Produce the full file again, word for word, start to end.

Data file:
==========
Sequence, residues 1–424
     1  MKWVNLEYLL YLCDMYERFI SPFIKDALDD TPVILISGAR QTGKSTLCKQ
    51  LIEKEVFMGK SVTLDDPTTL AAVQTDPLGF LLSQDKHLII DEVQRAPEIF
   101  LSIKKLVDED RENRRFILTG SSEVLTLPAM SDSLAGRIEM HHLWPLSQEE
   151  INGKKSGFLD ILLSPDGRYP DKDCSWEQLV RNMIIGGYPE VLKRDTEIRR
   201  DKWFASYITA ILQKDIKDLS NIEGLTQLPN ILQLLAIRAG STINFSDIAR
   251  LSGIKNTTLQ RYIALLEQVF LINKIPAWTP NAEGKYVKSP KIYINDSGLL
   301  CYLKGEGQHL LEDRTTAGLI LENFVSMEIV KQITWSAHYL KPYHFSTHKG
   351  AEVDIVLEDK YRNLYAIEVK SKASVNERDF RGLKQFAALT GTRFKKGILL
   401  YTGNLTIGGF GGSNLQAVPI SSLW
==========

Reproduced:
Sequence, residues 1–424
     1  MKWVNLEYLL YLCDMYERFI SPFIKDALDD TPVILISGAR QTGKSTLCKQ
    51  LIEKEVFMGK SVTLDDPTTL AAVQTDPLGF LLSQDKHLII DEVQRAPEIF
   101  LSIKKLVDED RENRRFILTG SSEVLTLPAM SDSLAGRIEM HHLWPLSQEE
   151  INGKKSGFLD ILLSPDGRYP DKDCSWEQLV RNMIIGGYPE VLKRDTEIRR
   201  DKWFASYITA ILQKDIKDLS NIEGLTQLPN ILQLLAIRAG STINFSDIAR
   251  LSGIKNTTLQ RYIALLEQVF LINKIPAWTP NAEGKYVKSP KIYINDSGLL
   301  CYLKGEGQHL LEDRTTAGLI LENFVSMEIV KQITWSAHYL KPYHFSTHKG
   351  AEVDIVLEDK YRNLYAIEVK SKASVNERDF RGLKQFAALT GTRFKKGILL
   401  YTGNLTIGGF GGSNLQAVPI SSLW